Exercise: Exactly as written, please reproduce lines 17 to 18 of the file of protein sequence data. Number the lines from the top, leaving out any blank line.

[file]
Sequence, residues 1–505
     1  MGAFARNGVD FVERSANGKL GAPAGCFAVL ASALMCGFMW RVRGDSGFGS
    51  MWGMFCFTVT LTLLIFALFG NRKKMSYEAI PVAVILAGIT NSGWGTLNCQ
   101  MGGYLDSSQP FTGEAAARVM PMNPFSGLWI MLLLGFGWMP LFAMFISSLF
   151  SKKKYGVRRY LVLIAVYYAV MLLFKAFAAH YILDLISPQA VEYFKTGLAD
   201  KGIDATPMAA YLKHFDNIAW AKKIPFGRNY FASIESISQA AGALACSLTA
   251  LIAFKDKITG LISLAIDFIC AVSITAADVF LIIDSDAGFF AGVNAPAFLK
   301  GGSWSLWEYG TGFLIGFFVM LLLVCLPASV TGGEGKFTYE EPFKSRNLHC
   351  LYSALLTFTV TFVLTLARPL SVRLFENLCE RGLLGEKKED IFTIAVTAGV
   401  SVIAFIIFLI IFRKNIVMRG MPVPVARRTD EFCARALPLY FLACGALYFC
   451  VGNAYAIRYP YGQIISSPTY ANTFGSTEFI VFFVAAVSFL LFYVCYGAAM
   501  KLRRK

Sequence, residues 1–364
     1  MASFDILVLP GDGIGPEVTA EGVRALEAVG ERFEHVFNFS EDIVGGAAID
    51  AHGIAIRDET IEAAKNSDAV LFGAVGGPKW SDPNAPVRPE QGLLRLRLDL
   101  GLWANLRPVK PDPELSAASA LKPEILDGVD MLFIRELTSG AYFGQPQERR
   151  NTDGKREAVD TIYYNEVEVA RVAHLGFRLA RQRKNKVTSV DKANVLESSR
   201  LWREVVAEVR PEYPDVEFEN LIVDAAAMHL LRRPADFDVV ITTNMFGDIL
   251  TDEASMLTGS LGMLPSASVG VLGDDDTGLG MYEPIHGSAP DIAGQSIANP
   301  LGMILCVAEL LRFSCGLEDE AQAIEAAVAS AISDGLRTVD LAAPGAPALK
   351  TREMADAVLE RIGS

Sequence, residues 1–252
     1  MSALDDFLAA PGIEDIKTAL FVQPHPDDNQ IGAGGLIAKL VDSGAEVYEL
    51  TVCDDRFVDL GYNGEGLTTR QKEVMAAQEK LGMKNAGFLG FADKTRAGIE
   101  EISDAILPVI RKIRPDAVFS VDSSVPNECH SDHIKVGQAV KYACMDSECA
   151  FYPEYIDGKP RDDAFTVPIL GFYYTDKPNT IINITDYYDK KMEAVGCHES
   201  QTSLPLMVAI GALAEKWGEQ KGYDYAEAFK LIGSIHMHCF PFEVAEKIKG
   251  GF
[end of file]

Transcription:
   151  NTDGKREAVD TIYYNEVEVA RVAHLGFRLA RQRKNKVTSV DKANVLESSR
   201  LWREVVAEVR PEYPDVEFEN LIVDAAAMHL LRRPADFDVV ITTNMFGDIL